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Twenty-seven years!icon_househeart_red_750x5002

Twenty-seven years!

Last weekend hubby and I celebrated our 27th anniversary.

Twenty-seven years is 57.4% of my life!

I kept repeating it over and over again, as if awaiting some explanation for the passage of time.

As I look back on our wedding day, my most keen memory is who we were then. We were young (just twenty and twenty-three), naive, idealistic and so ‘in love’ with each other (with love).

It (marriage) was going to be so easy, because we were so in love. We were ready to face whatever would come our way, because we were together.

gag!

I wonder, if we knew then what we know now, would we?

Here’s the twenty-seven year reality check …

marriage is hard! 

and just when we think it is getting easier … it gets difficult all over again!

What I/we have learned most in twenty-seven years of marriage, is that being in love is not enough, because being in love is all about how the relationship feels, and feelings are fleeting, inconsistent, conditional and changing.

There have been (many) times in our marriage when we felt anything but in love towards each other. As a matter of fact, there have been many times when one or both of us has been pretty certain that we had made a mistake in marrying the other, and maybe even sought an escape clause.

Yet, here we are, but the long-lasting adhesive has not been love. The glue is far less romantic, but far more effective.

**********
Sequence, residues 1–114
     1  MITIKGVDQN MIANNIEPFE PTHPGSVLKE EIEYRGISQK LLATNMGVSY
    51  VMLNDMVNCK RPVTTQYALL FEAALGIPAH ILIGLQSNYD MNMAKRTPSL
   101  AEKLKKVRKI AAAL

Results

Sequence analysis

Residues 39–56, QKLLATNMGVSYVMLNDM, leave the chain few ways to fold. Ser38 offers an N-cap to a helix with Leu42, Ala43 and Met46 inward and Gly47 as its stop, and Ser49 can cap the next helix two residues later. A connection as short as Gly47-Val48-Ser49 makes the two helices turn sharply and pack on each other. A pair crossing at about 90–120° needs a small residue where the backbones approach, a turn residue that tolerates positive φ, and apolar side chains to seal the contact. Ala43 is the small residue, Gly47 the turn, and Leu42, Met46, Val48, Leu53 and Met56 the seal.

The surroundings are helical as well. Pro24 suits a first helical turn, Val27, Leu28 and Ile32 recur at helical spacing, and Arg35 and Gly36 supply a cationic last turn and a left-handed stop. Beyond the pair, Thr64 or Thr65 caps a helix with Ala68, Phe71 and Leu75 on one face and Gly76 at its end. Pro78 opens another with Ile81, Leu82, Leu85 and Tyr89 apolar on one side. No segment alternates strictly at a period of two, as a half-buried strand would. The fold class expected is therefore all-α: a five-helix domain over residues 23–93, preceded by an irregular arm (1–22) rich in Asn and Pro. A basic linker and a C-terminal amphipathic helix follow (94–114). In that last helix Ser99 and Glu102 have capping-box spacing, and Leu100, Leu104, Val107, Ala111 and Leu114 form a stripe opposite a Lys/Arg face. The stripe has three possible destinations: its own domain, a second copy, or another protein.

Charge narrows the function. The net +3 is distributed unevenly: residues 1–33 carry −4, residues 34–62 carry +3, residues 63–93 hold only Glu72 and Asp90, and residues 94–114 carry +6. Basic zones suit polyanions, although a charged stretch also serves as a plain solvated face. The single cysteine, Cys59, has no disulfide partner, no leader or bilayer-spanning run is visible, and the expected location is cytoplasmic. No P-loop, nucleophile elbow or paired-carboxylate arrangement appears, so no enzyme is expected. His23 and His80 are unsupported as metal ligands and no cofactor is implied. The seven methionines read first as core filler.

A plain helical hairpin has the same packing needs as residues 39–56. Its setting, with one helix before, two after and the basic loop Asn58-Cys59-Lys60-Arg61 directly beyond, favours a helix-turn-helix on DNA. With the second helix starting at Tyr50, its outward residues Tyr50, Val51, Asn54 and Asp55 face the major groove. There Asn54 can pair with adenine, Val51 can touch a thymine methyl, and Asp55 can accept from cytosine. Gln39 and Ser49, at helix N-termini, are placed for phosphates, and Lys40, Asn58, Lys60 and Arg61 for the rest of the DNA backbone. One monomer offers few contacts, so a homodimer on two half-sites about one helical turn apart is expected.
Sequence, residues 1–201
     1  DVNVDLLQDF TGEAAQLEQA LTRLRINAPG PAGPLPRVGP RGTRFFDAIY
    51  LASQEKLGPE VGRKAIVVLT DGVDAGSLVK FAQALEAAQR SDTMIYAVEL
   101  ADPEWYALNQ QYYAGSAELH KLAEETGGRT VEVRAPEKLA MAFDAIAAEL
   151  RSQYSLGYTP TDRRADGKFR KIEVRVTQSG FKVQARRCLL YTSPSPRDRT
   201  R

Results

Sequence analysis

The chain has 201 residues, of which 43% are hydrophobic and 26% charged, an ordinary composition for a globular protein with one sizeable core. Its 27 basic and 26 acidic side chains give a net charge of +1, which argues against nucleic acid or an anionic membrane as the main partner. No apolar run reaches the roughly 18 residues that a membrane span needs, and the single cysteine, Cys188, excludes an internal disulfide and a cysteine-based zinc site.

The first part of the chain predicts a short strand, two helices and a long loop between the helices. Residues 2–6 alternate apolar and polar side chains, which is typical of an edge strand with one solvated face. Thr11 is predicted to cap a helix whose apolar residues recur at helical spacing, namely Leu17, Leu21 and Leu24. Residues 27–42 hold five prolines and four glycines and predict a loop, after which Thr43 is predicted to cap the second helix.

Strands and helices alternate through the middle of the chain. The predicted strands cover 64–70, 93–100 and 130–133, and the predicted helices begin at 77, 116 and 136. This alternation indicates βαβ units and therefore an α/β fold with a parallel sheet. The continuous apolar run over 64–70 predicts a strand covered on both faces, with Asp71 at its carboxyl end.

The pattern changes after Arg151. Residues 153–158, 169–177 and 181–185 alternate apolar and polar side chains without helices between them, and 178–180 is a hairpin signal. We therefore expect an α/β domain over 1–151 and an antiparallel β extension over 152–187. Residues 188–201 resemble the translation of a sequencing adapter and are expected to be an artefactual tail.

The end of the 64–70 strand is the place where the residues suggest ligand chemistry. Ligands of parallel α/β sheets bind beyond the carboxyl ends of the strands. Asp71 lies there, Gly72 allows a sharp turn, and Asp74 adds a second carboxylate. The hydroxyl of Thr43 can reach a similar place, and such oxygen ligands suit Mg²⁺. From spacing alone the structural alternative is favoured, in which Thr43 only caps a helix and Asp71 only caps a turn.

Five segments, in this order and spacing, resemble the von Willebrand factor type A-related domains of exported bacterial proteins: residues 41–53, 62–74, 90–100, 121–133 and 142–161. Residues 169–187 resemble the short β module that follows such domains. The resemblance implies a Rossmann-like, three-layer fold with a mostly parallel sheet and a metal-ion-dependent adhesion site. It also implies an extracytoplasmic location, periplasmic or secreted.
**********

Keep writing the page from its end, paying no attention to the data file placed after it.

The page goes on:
Our vows to each other, the license we signed, the promises we made, were really more like the legal contract for a mortgage.

Last weekend I heard hubby explain the meaning of the word, mortgage, to a fellow traveller. Mortgage is a french word which means slow death. It is a legal obligation to make payments either until it is paid off, or until foreclosure occurs.

Twenty-seven years ago we signed a mortgage-like license, promising to stay together, until it is paid off, or until death. It was a commitment to make regular payments, on the investment, and those payments are due whether the roof is leaking or the foundation crumbling … whether we feel like making the payments, or not.

If we chose to not make a payment, we then put ourselves in a position of threatened foreclosure … and we might lose all investment that we have made.

This is so not the romantic love that was the driving force behind our walk down the aisle. Yet, it is the only thing that can guarantee that there will be anything left of the original structure when debt is paid.

Twenty-seven years!

I am thankful for these years …

though some payments came up short, or were late …

though I resented the times when I had to pay more than my share …

though I am embarrassed when I didn’t contribute at all …

though our roof leaks …

and the maintenance seems impossible …

with God’s help our investments pay off,

every day we have together.

And some days, the sun shines in, illuminating each other, reminding us of the delights of feeling in love, and leaving us thankful for not foreclosing.

May it be a slow, slow death …

 

 

 

 

 

 

 

 

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